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Produced & Maintained by Idaho Mountain Express, Box 1013, Ketchum, ID 83340-1013 
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Copyright © 2002 Express Publishing Inc.
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For the week of April 17 - 23, 2002


‘Treasuring Our Natural Heritage’

IPTV series includes Idaho and local personalities

Express Staff Writer

A Public Television series focusing on the biological diversity and natural heritage of the West airs next week and features more than two dozen Idahoans, including several local residents.

The three-part program will air Monday through Wednesday, April 22 through April 24, at 8 p.m. nightly on Idaho Public Television in conjunction with Earth Day.

The series provides insights into the diversity of living things and the relationships among species through stories about the natural world shot at locations across Idaho, Montana, Wyoming, Oregon, Utah, Colorado, New Mexico and Arizona. The three episodes take viewers on a learning experience that moves from understanding to appreciating to conserving.

"Today, people have a great many questions about biological diversity," Paul Bochhorst, the series producer, said. "They look at the richness of the natural world and wonder why there are so many different organisms. They assume that with literally millions of species populating the Earth we can afford to lose some of them.

"At the same time, they wonder how much biological diversity is necessary to safeguard the health of our planet. ‘Treasuring Our Natural Heritage’ addresses those questions in a straightforward, easy-to-understand manner. Through this series, viewers should be able to grasp the essentials of biodiversity in meaningful personal terms."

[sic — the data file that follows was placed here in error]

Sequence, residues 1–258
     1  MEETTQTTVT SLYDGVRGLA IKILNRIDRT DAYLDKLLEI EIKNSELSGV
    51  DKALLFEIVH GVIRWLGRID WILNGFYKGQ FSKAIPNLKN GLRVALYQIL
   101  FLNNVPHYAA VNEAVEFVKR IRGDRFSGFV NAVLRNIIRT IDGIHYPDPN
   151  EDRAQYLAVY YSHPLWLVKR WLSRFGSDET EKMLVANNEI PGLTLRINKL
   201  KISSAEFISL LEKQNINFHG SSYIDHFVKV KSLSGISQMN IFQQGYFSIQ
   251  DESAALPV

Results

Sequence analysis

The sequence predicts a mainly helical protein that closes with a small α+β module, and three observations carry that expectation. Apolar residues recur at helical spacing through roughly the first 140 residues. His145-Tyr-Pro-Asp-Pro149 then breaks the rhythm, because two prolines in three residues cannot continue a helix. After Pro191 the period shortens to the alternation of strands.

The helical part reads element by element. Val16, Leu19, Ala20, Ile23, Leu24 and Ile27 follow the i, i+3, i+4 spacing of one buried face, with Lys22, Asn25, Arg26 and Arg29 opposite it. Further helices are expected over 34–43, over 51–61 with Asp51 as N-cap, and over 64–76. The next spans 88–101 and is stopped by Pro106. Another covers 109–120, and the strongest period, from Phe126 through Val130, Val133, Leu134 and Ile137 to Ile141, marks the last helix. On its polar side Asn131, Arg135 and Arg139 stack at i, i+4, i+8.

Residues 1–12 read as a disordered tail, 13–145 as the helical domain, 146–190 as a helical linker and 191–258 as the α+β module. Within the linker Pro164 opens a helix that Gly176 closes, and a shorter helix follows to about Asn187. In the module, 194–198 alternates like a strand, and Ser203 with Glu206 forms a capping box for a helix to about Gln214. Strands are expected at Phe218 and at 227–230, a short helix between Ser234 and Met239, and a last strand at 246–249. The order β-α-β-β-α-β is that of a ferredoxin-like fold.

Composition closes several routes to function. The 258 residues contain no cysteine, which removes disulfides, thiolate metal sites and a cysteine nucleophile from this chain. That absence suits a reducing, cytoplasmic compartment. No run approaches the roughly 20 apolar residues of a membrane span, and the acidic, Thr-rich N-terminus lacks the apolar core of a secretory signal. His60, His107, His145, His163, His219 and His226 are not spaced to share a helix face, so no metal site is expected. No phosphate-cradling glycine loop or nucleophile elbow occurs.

In the third episode, which will air April 24, former director of The Nature Conservancy of Idaho, Guy Bonnevier, and Silver-Creek-area ranchers Nick and Bud Purdy discuss how The Nature Conservancy worked together with local stakeholders to protect the ecosystem and water quality in the Silver Creek drainage.

"We looked for win-win situations, and they weren’t hard to find," Bonnevier says.

"Treasuring Our Natural Heritage" features a number of farmers and ranchers who are striving to conserve biological diversity through good stewardship. One is Neil Poulson, who is seen constructing a wetland on his farm in American Falls. In the specially built wetland, natural biological processes are used to removed agricultural chemicals from the farm’s runoff before it reaches a nearby reservoir.

Poulson is quick to link good stewardship with good business practices:

"Often times in the short run the way to make the most profit is not to worry about the environmental consequences of what one does. But, with any kind of long-range view, it’s not profitable to destroy things you need for inputs."


The Idaho Mountain Express is distributed free to residents and guests throughout the Sun Valley, Idaho resort area community. Subscribers to the Idaho Mountain Express will read these stories and others in this week's issue.